Department of Life's not Fair: When looks matter (and not necessarily in a good way) [via Slaw]

When looks matter (and not necessarily in a good way) — Slaw

I was intrigued by the above piece in Slaw commenting on a study in Israel which appeared to show that female jealousy resulted in fewer job prospects for attractive women when photos are included with resumes.  The study itself is: Ruffle, Bradley J. (incidentally, a YorkU undergrad, class of 1991) & Shtudiner, Ze’ev, Are Good-Looking People More Employable? (October 2011). Available at SSRN here.

I don’t love the female jealousy hypothesis so I know I’m working to disprove it, but I do have some questions that I think are legitimate and not just argumentative:

1. What does attractive mean?  The study used a panel of raters, but when I think about books like Rhodes’ The Beauty Bias: The Injustice of Appearance in Life and Law (see IFLS review here) I think about how much about beauty/plainness is really (for women!) about grooming – makeup, hairstyling, clothing – things that are alterable at a cost – including, I suppose, the shape of your face.  So, where attractiveness corresponds with “highly groomed”, might there be an element of judgment (“trying too hard”) which is not quite the same as jealousy (is it?).  Also, as soon as we’re looking at grooming, we’re certainly looking at class (consider Ruthann Robson’s awesome To Market, To Market: Considering Class in the Context of Lesbian Legal Theories and Reforms, 5 U.S.C. J.L. & Women’s Stud. 173 (1995) esp 174-8).   The study did  control  for ethnicity (in the Israeli context – interesting to read about what they considered and how) to deal with known discrimination effects.

2. Is it common practice to attach photos to resumes in Israel?  The authors say that it is “optional”.  They also say:

More explicitly, suppose there existed a cultural norm that frowned upon women including a photograph on their CV. A woman who nonetheless chose to embed a picture in her CV would be less likely to receive a callback. However, our telephone survey reveals that no such norm exists. On the contrary, in response to our question about which sex more frequently sends a CV with a self-photograph, 12 companies (48%) answered that women do, while only two companies (8%) indicated that men do.Another 11 companies (44%) responded that the two sexes do so equally often.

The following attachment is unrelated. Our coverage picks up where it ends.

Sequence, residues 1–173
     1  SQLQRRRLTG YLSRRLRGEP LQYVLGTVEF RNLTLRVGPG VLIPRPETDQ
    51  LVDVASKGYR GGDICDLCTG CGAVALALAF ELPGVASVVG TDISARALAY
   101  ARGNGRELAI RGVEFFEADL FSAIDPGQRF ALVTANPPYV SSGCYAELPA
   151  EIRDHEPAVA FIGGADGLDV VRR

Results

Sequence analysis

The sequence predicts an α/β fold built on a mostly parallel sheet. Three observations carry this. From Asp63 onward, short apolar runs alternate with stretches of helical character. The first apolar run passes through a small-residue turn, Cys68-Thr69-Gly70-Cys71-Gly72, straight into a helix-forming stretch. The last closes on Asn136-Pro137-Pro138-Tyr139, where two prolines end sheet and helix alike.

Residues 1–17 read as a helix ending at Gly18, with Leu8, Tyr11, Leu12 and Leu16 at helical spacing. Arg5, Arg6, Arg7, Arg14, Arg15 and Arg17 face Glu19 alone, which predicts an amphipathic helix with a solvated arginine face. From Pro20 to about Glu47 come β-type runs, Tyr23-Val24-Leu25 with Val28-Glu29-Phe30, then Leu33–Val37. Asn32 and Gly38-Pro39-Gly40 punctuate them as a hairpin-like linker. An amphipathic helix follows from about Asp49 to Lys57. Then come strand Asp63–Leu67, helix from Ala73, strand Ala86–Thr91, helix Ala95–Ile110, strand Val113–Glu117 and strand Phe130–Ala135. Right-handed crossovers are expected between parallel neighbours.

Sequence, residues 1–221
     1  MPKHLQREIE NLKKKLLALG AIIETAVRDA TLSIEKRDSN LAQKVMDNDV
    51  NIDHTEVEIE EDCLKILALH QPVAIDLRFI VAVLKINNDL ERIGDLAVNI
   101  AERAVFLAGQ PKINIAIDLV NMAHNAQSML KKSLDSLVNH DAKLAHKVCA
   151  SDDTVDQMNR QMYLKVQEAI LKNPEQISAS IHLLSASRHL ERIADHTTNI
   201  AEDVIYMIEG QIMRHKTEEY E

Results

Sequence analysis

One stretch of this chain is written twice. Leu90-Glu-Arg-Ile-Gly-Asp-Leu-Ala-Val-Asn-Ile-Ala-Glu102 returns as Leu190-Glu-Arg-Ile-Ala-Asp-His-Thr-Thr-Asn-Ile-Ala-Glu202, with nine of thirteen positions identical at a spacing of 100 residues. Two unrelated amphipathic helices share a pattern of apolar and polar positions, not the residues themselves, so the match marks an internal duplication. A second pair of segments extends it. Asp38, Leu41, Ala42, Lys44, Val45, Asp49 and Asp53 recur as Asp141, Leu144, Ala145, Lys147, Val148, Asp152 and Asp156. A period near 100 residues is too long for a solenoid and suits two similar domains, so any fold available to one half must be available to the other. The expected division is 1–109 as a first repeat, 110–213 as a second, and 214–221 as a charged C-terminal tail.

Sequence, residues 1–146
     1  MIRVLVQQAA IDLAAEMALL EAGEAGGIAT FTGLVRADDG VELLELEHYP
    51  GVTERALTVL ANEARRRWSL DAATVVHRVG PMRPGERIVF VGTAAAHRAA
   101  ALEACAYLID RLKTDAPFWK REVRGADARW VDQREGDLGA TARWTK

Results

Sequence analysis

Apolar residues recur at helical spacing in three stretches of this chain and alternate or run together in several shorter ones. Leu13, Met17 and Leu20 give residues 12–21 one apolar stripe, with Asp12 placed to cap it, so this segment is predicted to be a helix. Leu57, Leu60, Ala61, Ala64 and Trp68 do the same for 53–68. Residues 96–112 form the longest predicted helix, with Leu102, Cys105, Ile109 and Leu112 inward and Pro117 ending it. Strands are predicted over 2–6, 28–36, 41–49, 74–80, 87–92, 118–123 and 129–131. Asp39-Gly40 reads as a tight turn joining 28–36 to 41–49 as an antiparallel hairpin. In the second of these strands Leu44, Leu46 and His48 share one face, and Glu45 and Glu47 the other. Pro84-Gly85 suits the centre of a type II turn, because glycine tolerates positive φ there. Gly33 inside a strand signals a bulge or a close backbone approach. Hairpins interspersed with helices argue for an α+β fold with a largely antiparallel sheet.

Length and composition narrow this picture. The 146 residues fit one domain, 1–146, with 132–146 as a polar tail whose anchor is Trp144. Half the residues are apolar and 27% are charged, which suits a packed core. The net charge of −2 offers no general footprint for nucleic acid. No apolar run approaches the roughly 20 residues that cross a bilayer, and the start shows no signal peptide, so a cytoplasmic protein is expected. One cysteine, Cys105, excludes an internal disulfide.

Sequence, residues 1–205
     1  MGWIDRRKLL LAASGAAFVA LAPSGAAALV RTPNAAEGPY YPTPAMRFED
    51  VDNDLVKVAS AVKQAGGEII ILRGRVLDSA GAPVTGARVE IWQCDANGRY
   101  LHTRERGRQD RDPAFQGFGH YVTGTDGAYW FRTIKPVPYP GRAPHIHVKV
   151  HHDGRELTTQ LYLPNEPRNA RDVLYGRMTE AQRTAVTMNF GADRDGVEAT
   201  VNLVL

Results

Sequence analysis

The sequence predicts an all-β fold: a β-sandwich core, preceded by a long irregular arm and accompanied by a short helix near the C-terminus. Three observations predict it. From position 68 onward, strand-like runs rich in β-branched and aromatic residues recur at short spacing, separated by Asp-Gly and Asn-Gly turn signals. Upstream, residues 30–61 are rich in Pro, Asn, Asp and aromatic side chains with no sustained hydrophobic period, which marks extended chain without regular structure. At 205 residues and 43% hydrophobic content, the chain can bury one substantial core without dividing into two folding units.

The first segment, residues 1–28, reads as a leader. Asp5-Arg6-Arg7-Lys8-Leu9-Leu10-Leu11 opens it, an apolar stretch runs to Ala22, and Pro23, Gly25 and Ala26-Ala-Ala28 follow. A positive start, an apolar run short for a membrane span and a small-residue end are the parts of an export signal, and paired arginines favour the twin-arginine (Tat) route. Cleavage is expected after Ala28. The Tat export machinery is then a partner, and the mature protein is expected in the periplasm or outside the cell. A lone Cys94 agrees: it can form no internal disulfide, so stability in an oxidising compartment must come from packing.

(I found this curious, since it does not answer the question of what the cultural norm is but rather solicits and describes a set of claims about practices. These are not quite the same thing.  The results are interesting, but not empirical on the question of what people do – and it may well be that people looking to get hired are unsure of what the expectations are amongst people who do the hiring and are just getting it wrong).  The authors discuss what they call a “negative signalling effect” of including a picture:

Thirty-six percent of the respondents reacted positively to males’ inclusion of a picture, invoking terms such as “presentable” and “con dent”. Only 28% of the respondents expressed negative associations for male photographs. By contrast, negative sentiments were the predominant response (56%) to females CVs with pictures. Not serious” and an attempt to market herself via her appearance” were among the reactions. A mere 12% of respondents expressed a positive association. These fi ndings suggest that we cannot rule out the negative signaling story as a partial explanation for our observed punishment of attractive women.” (22)

One of the study findings was “…, women with no picture have a significantly higher rate of callbacks than attractive or plain-looking women.”  The authors call “negative signalling” a partial explanation.

There was no way to look at the pictures (which were solicited from students) to check on my questions about “grooming”.  Too bad.

Lesson for women? I would assume stay away from pictures, regardless of all other considerations.  But what do you do in a situation where a prospective employer is going to immediately google you and find your picture?  Is that different? The authors’ include a relatively complete solution (which reminds me of the bit in Malcolm Gladwell’s Blink about the hiring of trombonist Abbie Conant when the Munich Philharmonic began using a screen during auditions so that the decision makers could not see who she was – more specifically, that she was a woman):

several European countries have recently begun to experiment with anonymous CVs whereby candidates are forbidden to include their picture, name, age, sex, date and place of birth, nationality and marital status anywhere in their application.

They can’t see you, they can’t google you….  There are a few studies which specifically deal with attractiveness premiums in law.  One I discussed here (questioning how it ignores gender).  Another is Biddle, Je E. and Daniel S. Hamermesh (1998) “Beauty, Productivity, and Discrimination: Lawyers’ Looks and Lucre,” Journal of Labor Economics, 16:1, 172-201. which does talk about gender, and about grooming.

 

 

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